The risk of aggressive serous or serous-like endometrial cancer may be higher for women with a BRCA1 gene mutation, even after undergoing risk-reducing surgery involving the removal of the fallopian tubes and ovaries. This is the finding of a new study published in JAMA Oncology.
However, the study found that a mutated BRCA1 gene did not increase women's overall risk of uterine cancer if they had undergone the risk-reducing procedure, called risk-reducing salpingo-oophorectomy (RRSO).
RRSO is the surgical removal of the fallopian tube and ovaries, and it is sometimes recommended for women who are at high risk of breast or ovarian cancers as a result of BRCA1 or BRCA2 gene mutations.
But according to study co-author Dr. Noah D. Kauff, of the Duke University Health System in Durham, NC, and colleagues, a number of previous studies have questioned the cancer-reducing benefits of RRSO accompanied by a hysterectomy - the surgical removal of all or part of the uterus.
For their study, the team wanted to get a better understanding of how BRCA mutations impact the risk of uterine cancer among women who undergo RRSO without hysterectomy.
Greater risk of rare, aggressive endometrial cancer with BRCA1 mutation
To reach their findings, the researchers analyzed the data of 1,083 women of a median age of 45. Of these, 627 had a BRCA1 gene mutation, 453 had a BRCA2 gene mutation, and three had mutations in both BRCA genes. All women had undergone RRSO without a hysterectomy.
Overall, eight of the 1,083 women developed uterine cancer, of which five were serous or serous-like endometrial cancer. Four of these cases were among women with a BRCA1 gene mutation, while one case occurred in a woman with a BRCA2 mutation.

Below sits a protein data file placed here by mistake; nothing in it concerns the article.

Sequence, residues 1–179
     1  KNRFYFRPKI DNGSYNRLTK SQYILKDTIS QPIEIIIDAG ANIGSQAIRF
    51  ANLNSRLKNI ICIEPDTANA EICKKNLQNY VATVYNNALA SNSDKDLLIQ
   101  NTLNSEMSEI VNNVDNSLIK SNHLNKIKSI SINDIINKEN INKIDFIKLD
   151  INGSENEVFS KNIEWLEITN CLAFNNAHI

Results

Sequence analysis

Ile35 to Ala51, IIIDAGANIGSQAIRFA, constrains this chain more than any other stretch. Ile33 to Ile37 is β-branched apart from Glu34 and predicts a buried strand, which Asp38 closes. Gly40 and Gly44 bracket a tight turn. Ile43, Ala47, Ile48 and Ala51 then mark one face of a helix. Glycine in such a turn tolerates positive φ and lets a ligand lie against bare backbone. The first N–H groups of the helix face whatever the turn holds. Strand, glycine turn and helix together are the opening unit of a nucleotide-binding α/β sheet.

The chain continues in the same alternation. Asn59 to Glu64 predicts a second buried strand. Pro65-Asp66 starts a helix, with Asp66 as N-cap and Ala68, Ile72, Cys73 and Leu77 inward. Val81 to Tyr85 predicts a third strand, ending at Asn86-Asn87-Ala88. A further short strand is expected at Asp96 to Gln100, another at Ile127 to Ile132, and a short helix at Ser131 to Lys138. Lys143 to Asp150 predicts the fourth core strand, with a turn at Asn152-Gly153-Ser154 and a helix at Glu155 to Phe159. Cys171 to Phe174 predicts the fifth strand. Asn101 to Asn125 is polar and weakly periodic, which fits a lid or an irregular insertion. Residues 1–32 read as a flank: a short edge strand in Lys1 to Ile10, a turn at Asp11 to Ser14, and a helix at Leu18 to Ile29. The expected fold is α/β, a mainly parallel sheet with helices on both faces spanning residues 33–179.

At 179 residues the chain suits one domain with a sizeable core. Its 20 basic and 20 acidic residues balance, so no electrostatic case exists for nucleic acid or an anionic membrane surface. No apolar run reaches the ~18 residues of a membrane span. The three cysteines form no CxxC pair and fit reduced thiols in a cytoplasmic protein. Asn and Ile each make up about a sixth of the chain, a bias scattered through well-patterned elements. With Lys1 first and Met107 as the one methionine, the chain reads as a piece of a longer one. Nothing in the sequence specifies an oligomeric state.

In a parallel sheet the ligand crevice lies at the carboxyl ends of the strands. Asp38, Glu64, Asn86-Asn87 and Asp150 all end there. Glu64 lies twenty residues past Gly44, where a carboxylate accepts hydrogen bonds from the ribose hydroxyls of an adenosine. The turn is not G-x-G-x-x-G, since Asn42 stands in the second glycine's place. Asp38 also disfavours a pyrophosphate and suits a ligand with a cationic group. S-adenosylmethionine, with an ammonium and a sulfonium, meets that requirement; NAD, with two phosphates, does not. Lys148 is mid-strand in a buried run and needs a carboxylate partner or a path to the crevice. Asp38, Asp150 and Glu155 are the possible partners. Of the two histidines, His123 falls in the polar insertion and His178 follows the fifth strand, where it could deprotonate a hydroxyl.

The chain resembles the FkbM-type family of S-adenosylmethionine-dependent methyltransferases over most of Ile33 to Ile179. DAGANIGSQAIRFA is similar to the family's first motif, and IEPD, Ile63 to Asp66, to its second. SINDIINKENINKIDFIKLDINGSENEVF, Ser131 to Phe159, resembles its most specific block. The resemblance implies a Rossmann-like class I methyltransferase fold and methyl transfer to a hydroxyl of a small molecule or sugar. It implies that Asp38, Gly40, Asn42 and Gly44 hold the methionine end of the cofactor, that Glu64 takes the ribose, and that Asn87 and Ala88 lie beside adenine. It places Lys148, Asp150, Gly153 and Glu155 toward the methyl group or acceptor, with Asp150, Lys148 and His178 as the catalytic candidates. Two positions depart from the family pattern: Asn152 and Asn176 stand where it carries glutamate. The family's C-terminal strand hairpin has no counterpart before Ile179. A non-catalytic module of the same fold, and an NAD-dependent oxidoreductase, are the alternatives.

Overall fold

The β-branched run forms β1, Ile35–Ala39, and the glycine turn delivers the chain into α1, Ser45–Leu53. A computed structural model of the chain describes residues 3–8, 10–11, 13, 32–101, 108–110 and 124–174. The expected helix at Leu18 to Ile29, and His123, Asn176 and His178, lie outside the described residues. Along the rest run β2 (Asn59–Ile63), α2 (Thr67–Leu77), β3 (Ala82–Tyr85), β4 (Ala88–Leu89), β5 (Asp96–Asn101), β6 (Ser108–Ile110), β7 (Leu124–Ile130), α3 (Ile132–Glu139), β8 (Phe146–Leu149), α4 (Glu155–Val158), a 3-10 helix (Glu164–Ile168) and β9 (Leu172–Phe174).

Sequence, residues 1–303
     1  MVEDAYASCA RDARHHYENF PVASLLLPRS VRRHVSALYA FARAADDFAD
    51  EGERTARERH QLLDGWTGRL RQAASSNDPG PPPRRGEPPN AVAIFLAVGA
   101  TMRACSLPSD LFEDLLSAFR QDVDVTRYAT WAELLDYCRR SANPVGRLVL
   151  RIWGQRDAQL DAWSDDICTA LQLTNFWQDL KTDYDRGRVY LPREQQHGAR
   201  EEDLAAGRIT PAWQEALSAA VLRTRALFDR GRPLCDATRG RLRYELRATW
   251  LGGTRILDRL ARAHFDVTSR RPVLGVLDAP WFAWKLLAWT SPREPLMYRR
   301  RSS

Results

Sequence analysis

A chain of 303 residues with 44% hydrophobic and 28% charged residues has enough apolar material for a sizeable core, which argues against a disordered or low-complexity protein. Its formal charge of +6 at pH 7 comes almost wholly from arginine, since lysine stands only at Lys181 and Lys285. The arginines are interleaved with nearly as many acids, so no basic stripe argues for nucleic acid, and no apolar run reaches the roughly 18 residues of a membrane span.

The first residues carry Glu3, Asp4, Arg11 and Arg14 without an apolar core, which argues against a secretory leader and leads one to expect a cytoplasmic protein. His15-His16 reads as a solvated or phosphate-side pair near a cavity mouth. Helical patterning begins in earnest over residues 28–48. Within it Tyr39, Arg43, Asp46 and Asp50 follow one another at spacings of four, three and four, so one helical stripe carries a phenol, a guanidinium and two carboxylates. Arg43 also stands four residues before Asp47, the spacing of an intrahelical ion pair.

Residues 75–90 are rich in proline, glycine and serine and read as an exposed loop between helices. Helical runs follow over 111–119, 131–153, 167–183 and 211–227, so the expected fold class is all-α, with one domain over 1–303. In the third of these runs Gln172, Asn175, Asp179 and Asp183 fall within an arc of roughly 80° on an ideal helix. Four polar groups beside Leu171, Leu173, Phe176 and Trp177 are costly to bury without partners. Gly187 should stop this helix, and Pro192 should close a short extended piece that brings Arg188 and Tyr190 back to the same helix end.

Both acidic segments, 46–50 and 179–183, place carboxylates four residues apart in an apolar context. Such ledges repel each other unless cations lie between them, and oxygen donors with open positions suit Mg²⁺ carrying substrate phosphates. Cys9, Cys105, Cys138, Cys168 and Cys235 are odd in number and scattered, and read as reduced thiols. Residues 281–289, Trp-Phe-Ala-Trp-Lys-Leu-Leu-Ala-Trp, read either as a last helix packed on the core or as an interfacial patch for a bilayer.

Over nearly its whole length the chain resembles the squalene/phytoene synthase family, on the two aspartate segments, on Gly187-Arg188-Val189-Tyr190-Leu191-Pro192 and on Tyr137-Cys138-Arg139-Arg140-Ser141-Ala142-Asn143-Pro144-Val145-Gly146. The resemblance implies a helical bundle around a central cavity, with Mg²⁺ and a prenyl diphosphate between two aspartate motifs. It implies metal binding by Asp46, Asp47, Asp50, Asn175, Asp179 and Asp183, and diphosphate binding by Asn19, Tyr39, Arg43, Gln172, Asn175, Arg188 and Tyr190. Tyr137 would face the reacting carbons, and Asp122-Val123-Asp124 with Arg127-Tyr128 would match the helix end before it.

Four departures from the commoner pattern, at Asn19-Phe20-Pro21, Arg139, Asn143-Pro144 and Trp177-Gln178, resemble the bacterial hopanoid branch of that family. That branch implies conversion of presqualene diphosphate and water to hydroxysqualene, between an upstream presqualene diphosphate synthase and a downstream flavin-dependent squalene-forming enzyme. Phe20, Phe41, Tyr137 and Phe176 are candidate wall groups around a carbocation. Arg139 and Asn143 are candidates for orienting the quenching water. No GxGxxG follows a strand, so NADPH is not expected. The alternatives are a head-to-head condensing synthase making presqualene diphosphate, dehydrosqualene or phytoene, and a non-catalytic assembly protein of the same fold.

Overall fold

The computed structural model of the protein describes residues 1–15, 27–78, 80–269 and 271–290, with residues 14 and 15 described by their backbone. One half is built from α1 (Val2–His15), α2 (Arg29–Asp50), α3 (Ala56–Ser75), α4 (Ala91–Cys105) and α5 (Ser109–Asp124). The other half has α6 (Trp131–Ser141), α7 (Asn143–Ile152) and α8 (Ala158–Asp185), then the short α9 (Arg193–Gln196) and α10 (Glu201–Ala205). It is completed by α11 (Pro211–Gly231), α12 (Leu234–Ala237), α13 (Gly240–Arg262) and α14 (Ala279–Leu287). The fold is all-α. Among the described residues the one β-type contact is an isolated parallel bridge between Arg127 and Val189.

While serous endometrial cancer is an uncommon form of endometrial cancer, accounting for around 10 percent of all cases, it is a highly aggressive form; the researchers note that it is responsible for around 40 percent of all uterine cancer deaths.
Among the study participants, serous or serous-like endometrial cancers developed around 7-13 years after RRSO. Four of the women who developed this subtype had previously had breast cancer, and three of them had used tamoxifen - a medication used to treat metastatic breast cancer.
On comparing their data with rates of serous endometrial cancer among women in the general population, the researchers calculated that women with a BRCA1 gene mutation who undergo RRSO at the age of 45 are at 2.6 percent greater risk for developing serous or serous-like endometrial cancer until the age of 70.
Women's risk of developing uterine cancer overall was not increased after RRSO, the researchers report.
The authors note that the small number of cancer cases identified in their study is a clear limitation, though they believe their findings still have implications for women with a BRCA1 gene mutation:
"Our results suggest that BRCA1+ women are at increased risk for serous/serous-like endometrial carcinoma.
Although instability in the estimated magnitude of this risk remains, we believe that the possibility of this cancer should be considered when discussing the advantages and risks of hysterectomy at the time of RRSO in BRCA1+ women."
In an editorial linked to the study, Dr. Ronald D. Alvarez, of the University of Alabama at Birmingham, and colleagues say the findings add to existing research linking BRCA1 gene mutations to increased risk of endometrial cancer.
"Of concern is many of these uterine cancers are of serous histology, which is known to harbor worse outcomes even when diagnosed with early stage disease," they add.
"Perhaps it is time to consider that the line for risk-reducing gynecologic surgery in patients with BRCA mutations not stop at the ovaries and fallopian tubes."